As the International Court of Justice (ICJ) will deliver its verdict on Kulbhushan Jadhav case today, the Centre expressed confidence about the judgment, saying that it would be pronounced in India's favour.
"We have hope with the ICJ. We are confident that the verdict will come in our favour," Union Minister P.P. Choudhary told ANI.
"The matter has been argued as forcefully as it could have been argued by the government Pakistan has not presented the credible answers with regard to the critical question that were being asked. We all are hopeful and we hope that the judgment will come in our favour," he told ANI.
India has accused Pakistan of not following diplomatic norms and dragged Pakistan to the ICJ on May 8 for violating the Vienna Convention by refusing New Delhi's 16 requests of consular access to Jadhav and denying him the right to defend himself.
Arguing before the 11-judge bench at the ICJ,which included former Supreme Court Judge Dalveer Bhandari,India's counsel Harish Salve stressed that not granting consular access and not giving legal representation of Jadhav's choosing amounted to a "miscarriage of justice" and a "violation of his right" to defend himself from concocted charges in a "farcical trial".
India told the International Court of Justice (ICJ) that immediate steps must be taken to stop Pakistan's from carrying out the death sentence of former Indian naval officer Kulbhushan Jadhav.
Noted lawyer Harish Salve had told the court that India couldn't arrange for Jadhav's defence due to denial of consular access by Pakistan.
He said India made innumerable requests for consular access, but Pakistan refused to provide documents relating to the case and consular access to him.
Pakistan is deliberately executing Indians in the military courts where there is no scope for any arguments even in military courts and the charges are mostly fabricated and concocted which are outside the jurisdiction of civil courts.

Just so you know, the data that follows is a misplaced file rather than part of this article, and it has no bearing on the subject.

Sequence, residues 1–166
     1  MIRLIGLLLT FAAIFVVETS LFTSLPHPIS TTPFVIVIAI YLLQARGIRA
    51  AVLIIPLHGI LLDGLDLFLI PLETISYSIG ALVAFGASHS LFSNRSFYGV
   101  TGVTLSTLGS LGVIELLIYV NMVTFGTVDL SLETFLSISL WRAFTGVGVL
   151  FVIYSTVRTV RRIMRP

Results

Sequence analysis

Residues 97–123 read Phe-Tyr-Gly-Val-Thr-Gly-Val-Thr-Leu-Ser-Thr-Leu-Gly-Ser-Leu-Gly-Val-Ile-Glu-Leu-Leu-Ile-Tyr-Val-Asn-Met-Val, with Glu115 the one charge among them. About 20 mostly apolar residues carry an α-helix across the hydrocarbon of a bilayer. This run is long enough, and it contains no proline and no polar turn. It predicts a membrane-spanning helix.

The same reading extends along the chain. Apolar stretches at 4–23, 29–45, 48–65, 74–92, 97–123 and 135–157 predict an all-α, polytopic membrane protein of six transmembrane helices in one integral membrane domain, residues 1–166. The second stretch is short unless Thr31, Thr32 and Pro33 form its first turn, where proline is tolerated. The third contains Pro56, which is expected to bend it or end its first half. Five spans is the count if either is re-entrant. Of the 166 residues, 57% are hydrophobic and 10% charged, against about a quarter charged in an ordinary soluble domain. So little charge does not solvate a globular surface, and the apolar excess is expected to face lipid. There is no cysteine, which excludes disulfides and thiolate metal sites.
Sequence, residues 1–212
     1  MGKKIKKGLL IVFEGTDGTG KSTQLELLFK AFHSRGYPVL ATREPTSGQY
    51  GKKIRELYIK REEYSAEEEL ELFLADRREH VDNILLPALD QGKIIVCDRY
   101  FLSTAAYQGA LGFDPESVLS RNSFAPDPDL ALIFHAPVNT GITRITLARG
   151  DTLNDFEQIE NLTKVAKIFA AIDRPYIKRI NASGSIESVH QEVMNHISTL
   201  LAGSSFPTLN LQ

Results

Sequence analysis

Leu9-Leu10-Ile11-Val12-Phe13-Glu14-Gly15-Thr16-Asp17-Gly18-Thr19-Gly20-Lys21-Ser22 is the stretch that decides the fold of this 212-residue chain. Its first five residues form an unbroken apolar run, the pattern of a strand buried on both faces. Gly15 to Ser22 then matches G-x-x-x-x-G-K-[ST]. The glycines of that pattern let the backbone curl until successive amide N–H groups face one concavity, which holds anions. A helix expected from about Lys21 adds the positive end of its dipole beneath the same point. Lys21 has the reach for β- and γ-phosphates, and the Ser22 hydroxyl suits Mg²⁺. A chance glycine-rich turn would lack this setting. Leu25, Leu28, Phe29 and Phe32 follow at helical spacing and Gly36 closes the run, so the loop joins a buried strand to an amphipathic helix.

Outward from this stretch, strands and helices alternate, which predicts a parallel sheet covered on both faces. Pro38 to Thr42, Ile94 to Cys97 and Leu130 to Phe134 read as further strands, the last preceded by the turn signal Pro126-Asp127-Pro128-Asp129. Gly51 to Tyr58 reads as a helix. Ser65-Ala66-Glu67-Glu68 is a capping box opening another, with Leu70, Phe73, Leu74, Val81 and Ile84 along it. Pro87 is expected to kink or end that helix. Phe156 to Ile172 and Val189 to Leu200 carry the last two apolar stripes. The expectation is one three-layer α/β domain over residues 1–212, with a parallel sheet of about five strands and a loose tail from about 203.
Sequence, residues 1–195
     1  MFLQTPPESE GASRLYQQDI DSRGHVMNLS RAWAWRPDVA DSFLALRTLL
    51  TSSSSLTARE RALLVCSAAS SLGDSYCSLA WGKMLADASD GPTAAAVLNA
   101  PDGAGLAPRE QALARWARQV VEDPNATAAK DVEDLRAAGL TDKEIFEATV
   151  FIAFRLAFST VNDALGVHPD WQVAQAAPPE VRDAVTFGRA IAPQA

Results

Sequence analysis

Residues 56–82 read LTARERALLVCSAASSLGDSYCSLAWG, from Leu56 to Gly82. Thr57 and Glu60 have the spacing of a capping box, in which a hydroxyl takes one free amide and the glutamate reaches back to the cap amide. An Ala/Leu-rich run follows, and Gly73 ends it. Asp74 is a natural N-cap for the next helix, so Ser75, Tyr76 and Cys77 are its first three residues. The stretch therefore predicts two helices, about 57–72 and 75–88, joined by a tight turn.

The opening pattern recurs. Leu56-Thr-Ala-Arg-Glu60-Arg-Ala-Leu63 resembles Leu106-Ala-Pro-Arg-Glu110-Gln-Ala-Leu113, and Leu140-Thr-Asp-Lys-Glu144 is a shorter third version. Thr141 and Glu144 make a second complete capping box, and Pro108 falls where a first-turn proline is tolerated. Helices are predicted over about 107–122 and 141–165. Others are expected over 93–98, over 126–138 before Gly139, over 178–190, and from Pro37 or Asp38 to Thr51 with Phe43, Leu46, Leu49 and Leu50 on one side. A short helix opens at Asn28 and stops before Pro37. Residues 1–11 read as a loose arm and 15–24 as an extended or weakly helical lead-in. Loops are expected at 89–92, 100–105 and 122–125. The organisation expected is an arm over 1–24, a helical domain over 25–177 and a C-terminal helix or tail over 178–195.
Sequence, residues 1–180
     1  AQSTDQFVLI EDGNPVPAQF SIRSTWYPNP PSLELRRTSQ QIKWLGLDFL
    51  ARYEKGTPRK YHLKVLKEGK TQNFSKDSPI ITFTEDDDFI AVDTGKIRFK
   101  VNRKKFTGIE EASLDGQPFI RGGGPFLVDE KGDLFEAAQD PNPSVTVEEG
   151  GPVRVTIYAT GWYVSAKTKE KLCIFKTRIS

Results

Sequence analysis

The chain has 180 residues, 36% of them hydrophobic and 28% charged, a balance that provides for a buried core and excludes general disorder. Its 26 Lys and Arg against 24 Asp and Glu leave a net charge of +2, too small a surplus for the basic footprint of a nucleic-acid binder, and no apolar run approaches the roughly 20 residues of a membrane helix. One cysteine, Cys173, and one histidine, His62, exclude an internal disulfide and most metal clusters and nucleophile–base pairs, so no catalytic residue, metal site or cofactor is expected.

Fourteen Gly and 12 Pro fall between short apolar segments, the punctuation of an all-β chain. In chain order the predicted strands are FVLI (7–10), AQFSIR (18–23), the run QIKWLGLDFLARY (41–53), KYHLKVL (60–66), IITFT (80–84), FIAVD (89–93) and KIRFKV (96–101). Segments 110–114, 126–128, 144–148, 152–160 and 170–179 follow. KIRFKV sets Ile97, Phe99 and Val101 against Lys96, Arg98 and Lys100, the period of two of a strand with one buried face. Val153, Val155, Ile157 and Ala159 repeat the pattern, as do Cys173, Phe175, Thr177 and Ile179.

Pakistan raised the confession statement of Jadhav as a base of its argument and accused India of using the ICJ for its political theatrics. India termed that the confession of Jadhav was forcibly taken by the military while in captivity and he was tried by a military court in Pakistan.
Pakistan's counsel Khawar Qureshi while presenting Islamabad's stance in the ICJ on death sentence handed to Jadhav said that the former naval officer entered Islamabad through Iran using a fake passport.
He told the court that Pakistan had given India all information regarding Jadhav's investigation, but didn't receive any response from New Delhi.
Jadhav, a former Indian Navy officer, was given the death sentence by a military court in Pakistan on April 10 for the alleged "espionage and subversive activities."
To which, Pakistan stated that the Vienna Convention provisions did not apply to a spy involved in terror activities. Also the International Court of Justice (ICJ) denied permission to Pakistan to play a six-minute "confessional" video of Jadhav, which India terms as a statement taken forcible in captivity.
India demanded immediate suspension of Jhadav's death sentence but Pakistan presented the Kulbhushan Jadhav case as a matter of national security and ICJ 's decision would not apply to "matters related to the national security of Pakistan.
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